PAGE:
Coronavirus ban on elective surgeries including IVF treatment set to be lifted within days as Australia continues to flatten the curve
- Ban on elective surgery and IVF treatment could be lifted in the coming days
- The infection rate of COVID-19 is flattening with new cases below one per cent
- Federal Health Minister Greg Hunt said low numbers are a national achievement
- Learn more about how to help people impacted by COVID
The ban on elective surgeries including IVF treatment could be lifted within days if Australia continues to slow the spread of coronavirus.
The surgeries were suspended at the end of March in bids to free up more beds for coronavirus patients with only emergency operations going ahead.
Australia’s infection rate of COVID-19 is flattening, with the rate of new cases falling below one per cent, with just 53 confirmed cases in the past 24 hours.
‘The rate of increase in new cases has been below one per cent for seven consecutive days now, and that is an important national achievement,’ federal Health Minister Greg Hunt said on Sunday.
‘What it means is we now have a sustained and genuine flattening of the curve.’
Mr Hunt said the national cabinet would on Tuesday discuss if certain elective surgeries – including IVF procedures – could resume.
Prime Minister Scott Morrison also hinted at stopping the ban on elective surgeries, saying there could be an ‘immediate return in that area’ after Tuesday’s meeting.
The ban on elective surgery and IVF treatment could be lifted in the coming days as Australia is flattening the curve of infection rates. Pictured a nurse at the drive through COVID-19 testing in Bondi
Australia’s infection rate of COVID-19 is flattening, with the rate of new cases falling below one per cent, with just 53 confirmed cases in the past 24 hours
Mr Hunt said authorities were focused on beating the virus.
‘We are winning but we have not won yet. We have to focus on our containment and capacity,’ he said.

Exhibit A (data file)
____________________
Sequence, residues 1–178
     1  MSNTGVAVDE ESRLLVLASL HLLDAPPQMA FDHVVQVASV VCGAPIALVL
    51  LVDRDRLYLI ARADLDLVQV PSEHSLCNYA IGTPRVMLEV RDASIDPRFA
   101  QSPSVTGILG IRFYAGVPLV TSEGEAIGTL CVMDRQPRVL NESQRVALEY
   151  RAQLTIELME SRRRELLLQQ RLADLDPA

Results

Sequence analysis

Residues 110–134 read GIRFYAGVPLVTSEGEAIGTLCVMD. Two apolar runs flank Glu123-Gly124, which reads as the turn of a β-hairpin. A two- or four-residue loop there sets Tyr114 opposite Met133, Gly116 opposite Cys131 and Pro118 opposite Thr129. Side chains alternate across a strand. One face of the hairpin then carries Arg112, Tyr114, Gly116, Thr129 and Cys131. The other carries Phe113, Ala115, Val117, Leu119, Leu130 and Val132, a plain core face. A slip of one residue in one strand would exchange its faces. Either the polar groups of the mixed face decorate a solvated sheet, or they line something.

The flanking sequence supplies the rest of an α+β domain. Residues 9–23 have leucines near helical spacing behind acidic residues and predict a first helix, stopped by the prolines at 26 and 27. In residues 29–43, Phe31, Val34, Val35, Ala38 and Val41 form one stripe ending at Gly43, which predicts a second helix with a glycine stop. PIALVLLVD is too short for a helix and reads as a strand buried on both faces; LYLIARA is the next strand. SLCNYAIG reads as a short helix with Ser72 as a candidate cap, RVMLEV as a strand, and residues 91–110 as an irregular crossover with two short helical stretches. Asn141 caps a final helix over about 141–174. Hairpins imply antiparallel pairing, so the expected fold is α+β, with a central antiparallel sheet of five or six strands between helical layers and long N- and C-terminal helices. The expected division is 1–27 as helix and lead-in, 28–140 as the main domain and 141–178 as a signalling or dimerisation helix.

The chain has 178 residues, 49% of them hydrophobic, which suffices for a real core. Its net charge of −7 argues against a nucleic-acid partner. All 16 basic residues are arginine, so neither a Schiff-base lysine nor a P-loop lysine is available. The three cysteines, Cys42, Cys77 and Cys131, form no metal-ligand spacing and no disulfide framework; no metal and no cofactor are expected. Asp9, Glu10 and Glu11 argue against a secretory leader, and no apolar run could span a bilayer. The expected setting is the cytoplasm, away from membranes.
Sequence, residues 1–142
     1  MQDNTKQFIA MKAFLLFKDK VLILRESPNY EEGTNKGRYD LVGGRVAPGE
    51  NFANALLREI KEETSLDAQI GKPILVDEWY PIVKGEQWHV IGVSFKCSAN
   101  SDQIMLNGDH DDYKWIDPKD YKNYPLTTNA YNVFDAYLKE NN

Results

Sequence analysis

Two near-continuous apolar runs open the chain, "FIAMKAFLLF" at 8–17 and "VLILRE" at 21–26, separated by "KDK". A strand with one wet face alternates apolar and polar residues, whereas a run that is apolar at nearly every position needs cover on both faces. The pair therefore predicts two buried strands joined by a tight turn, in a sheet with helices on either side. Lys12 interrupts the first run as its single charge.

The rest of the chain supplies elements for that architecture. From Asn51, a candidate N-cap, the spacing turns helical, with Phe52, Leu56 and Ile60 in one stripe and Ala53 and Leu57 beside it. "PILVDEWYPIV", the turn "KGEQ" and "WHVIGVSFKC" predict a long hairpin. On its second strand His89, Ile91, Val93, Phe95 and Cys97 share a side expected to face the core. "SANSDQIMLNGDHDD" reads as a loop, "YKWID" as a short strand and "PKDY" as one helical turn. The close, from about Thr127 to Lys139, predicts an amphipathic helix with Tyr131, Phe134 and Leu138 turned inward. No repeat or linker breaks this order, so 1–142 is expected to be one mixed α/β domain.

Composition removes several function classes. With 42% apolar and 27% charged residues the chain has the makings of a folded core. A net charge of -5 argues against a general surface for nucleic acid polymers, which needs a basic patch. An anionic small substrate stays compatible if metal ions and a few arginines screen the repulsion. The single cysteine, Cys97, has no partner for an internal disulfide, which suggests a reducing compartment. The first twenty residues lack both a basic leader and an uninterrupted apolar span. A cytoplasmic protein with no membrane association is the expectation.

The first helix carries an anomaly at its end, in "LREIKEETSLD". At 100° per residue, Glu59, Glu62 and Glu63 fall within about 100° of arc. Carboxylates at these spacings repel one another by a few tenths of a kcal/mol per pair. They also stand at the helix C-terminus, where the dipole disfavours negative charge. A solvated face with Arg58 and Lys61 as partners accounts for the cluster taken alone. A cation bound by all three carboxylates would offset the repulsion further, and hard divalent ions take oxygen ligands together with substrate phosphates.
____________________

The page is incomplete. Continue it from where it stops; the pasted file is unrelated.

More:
The national total of deaths is 70 from 6586 cases. Of those, 184 are in hospital – 51 in ICUs and 33 on ventilation.
New personal protection equipment – including an extra 100 million masks over the next six weeks – will be distributed to health care workers.
An extra 3.5 million doses of the flu vaccine have also been made available.
‘Along with the flu vaccinations, the masks mean we have additional capacity. The masks and the flu vaccinations are protecting our healthcare workers in protecting Australians.’
Nurses seen at the drive through COVID-19 testing clinic in Bondi. The national total of deaths is 70 from 6586 cases
But he and Victorian Premier Daniel Andrews on Sunday warned it was too soon to relax restrictions, including self-isolation and social distancing.
‘When you are as successful in suppression as we are, then the notion of being able to eliminate the coronavirus becomes within reach,’ he told Sky News on Sunday.
‘But I think the most important thing, the national cabinet has agreed, the suppression strategy is working and we need to stay the course on this,’
Chief Nursing Officer Alison McMillan thought it was a ‘ambitious’ to suggest COVID-19 could be eradicated.
‘It’s a pandemic around the world and so we always have the potential to reintroduce it as we, if we were to open our borders,’ she told Sky News.
Federal Health Minister Greg Hunt (pictured) said on Sunday that the rate of increase in new cases has been below one per cent for seven consecutive days
Meanwhile, Prime Scott Morrison has clarified the app to help trace people who have been in contact with a coronavirus case won’t be mandatory.
He said the government will be seeking the ‘co-operation and support’ of Australians to download the app to help health workers, protect the community and help get the economy going again.
However, a number of coalition politicians won’t download the mobile phone app when it is introduced in the next couple of weeks, citing privacy concerns.
These include Nationals MP and former deputy PM Barnaby Joyce and Deputy Speaker Llew O’Brien.
‘I treasure the government knowing as little about me as possible,’ Mr Joyce told Nine newspapers on Sunday.
Australia has joined calls for an world-wide, and independent, investigation into how the COVID-19 pandemic happened.